I had trouble graduating from Berkeley, not because of this inability to deal with ideas—I was majoring in English, and I could locate the house-and-garden imagery in The Portrait of a Lady  as well as the next person, 'imagery' being by definition the kind of specific that got my attention—but simply because I had neglected to take a course in Milton. For reasons which now sound baroque I needed a degree by the end of that summer, and the English department finally agreed, if I would come down from Sacramento every Friday and talk about the cosmology of Paradise Lost , to certify me proficient in Milton. I did this. Some Fridays I took the Greyhound bus, other Fridays I caught the Southern Pacific’s City of San Francisco on the last leg of its transcontinental trip. I can no longer tell you whether Milton put the sun or the earth at the center of his universe in Paradise Lost , the central question of at least one century and a topic about which I wrote ten thousand words that summer, but I can still recall the exact rancidity of the butter in the City of San Francisco’s dining car, and the way the tinted windows on the Greyhound bus cast the oil refineries around Carquinez Strait into a grayed and obscurely sinister light. In short my attention was always on the periphery, on what I could see and taste and touch, on the butter, and the Greyhound bus. During those years I was traveling on what I knew to be a very shaky passport, forged papers: I knew that I was no legitimate resident in any world of ideas. I knew I couldn’t think. All I knew then was what I couldn’t do. All I knew then was what I wasn’t, and it took me some years to discover what I was."

"I knew that I was no legitimate resident in any world of ideas."
— Joan Didion, December 5, 1976

"In the 1988 interview with Scripps Howard, Mr. Poynter mused
about the device he wanted to invent for his own tombstone.

'When you walked up to it,' he said, 'you’d activate
an electronic voice. And it would say, "Come on down."’”

New York Times  obituary yesterday

And add, "We all float down here"?

For other, better, remarks about ideas by Didion
see "Freeze the shifting phantasmagoria," a phrase
from her 1979 book The White Album.

Saturday, August 28, 2021

Scenes from… The Seventh Sausage

Filed under: General — Tags: — m759 @ 10:37 AM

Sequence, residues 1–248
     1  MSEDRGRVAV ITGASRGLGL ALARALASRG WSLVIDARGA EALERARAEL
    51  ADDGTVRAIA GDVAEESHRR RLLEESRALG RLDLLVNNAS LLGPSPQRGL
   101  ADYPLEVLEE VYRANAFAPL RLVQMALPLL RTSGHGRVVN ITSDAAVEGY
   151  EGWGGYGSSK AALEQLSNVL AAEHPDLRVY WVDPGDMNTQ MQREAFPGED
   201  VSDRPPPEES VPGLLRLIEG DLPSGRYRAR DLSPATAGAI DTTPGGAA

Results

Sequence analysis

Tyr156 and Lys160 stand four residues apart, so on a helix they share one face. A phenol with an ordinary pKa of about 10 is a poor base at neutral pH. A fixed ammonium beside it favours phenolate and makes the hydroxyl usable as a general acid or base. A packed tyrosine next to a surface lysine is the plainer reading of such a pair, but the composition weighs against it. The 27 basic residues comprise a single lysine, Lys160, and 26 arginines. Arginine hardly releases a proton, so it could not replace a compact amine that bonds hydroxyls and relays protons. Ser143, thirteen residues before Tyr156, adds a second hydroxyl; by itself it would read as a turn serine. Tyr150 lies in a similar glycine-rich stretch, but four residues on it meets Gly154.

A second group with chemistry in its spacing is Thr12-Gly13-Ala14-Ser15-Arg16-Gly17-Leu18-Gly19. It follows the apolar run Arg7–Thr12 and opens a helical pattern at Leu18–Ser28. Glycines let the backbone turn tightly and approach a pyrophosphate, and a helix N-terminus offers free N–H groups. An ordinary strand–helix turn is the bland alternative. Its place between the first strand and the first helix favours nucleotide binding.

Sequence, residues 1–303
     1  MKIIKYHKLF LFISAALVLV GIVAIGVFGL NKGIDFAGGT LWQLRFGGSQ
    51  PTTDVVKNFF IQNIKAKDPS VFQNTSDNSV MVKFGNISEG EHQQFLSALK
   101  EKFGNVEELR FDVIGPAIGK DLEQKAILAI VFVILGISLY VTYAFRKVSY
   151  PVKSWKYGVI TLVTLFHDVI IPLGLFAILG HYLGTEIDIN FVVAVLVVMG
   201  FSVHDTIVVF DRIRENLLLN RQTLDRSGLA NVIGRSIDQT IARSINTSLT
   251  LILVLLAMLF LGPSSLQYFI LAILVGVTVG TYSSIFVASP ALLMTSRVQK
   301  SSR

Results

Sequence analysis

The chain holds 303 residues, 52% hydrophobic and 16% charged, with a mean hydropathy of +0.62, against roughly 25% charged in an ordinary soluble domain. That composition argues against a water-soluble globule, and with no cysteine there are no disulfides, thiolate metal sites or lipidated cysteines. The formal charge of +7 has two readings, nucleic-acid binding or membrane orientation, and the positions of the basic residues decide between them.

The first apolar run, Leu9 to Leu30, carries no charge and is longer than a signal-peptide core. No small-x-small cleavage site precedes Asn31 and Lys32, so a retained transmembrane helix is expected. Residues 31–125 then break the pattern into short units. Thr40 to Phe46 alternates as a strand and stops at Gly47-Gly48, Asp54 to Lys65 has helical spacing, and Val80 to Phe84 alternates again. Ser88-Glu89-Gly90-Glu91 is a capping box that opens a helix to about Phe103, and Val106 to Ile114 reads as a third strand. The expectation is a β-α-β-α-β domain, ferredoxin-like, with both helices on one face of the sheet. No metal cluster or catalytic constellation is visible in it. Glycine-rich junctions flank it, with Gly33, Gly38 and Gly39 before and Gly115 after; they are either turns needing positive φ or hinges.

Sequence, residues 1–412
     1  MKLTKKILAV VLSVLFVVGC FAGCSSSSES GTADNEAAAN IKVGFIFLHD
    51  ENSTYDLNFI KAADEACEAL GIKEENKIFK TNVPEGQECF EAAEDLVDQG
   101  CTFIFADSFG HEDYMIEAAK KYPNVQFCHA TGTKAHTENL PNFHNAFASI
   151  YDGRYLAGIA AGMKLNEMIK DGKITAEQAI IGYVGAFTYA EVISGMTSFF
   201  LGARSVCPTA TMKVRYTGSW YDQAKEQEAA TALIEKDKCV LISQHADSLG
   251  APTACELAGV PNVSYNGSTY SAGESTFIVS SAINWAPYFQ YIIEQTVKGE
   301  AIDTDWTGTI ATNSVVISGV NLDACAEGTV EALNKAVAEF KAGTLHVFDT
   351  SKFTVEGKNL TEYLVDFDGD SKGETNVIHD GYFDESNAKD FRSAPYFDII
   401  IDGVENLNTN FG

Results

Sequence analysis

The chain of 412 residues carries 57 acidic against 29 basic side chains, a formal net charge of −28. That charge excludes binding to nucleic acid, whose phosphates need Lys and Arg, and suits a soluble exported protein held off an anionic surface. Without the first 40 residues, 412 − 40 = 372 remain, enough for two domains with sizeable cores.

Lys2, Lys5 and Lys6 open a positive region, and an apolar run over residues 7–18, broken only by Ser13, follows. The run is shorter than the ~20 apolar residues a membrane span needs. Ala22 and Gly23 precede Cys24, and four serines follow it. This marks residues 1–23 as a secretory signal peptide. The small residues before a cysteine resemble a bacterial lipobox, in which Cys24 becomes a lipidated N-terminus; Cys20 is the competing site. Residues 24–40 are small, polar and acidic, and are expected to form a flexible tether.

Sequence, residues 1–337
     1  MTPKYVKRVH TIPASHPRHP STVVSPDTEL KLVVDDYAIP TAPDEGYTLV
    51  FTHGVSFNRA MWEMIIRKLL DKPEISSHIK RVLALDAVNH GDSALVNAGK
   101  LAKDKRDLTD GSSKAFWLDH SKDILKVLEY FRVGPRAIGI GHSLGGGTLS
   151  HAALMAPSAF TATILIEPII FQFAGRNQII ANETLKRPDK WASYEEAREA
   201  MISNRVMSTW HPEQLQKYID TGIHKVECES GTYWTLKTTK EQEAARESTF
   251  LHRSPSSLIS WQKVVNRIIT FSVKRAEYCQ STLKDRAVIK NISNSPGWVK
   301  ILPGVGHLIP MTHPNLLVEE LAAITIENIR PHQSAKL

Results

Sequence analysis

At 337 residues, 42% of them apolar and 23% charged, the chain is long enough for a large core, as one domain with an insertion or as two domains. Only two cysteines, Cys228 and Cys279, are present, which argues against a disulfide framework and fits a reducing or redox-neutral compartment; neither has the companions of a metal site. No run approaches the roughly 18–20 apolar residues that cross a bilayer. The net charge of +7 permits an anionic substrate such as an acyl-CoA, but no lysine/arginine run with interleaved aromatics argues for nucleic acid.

A cinematic meditation for Harvardwood.

"Another opening, another show."

Sunday, August 15, 2021

Simple Similarity

Filed under: General — Tags: , — m759 @ 1:05 PM

The following image (click to enlarge) is now the target of
a link on the phrase "similarly divided" in Friday's post
"The Divided Square."

Related material —

A version of the above Schroeder pages, dumbed down for
readers of The New Yorker

Note  that the proof under discussion has nothing to do with 
the New Yorker 's rubric "Annals of Technology."

Note also the statement by Strogatz that 

"Einstein’s proof reveals why the Pythagorean theorem
applies only to right triangles: they’re the only kind
made up of smaller copies of themselves." 

Exercise:  Discuss the truth or falsity of the Strogatz statement
after reviewing the webpage Triangles Are Square.

For approaches to geometry that are more advanced, see
this  journal on the above New Yorker  date — Nov. 19, 2015 —

Highlights of the Dirac-Mathieu Connection.


Friday, August 13, 2021

The Divided Square

Filed under: General — Tags: , — m759 @ 12:19 AM

Compare and contrast —

Update of 2:25 PM ET on Friday, August 13th, 2021 —

Plato's alleged motto, "Let no one ignorant of geometry enter,"
seems to have been of little use to those attempting to make sense
of his "divided line" analogy in the Republic.

Some related geometry —

    The Divided Square :

Three Similarly Divided Squares :

The image “http://www.log24.com/log/pix06A/Pythagorean_Theorem.jpg” cannot be displayed, because it contains errors.

Scholium —

Thursday, August 12, 2021

Unsocratic Method

Filed under: General — Tags: , — m759 @ 11:42 AM

"One, two, three . . . but where is the fourth?" — Socrates

Update of 4:40 AM ET the next morning —

    For students of metaphor —

"four major pillars
   of the reality-based community" —

Update at 6:32 AM ET Friday the 13th — Cross-examination

Saturday, March 16, 2019


Filed under: General — Tags: , , , — m759 @ 12:25 PM

See also eightfold cube.

Monday, April 25, 2016

Peirce’s Accounts of the Universe

Filed under: General,Geometry — Tags: , — m759 @ 8:19 PM

Compare and contrast Peirce's seven systems of metaphysics with
the seven projective points in a post of March 1, 2010 —

Wikipedia article 'Group theory' with Rubik Cube and quote from Nathan Carter-- 'What is symmetry?'

From my commentary on Carter's question —

Labelings of the eightfold cube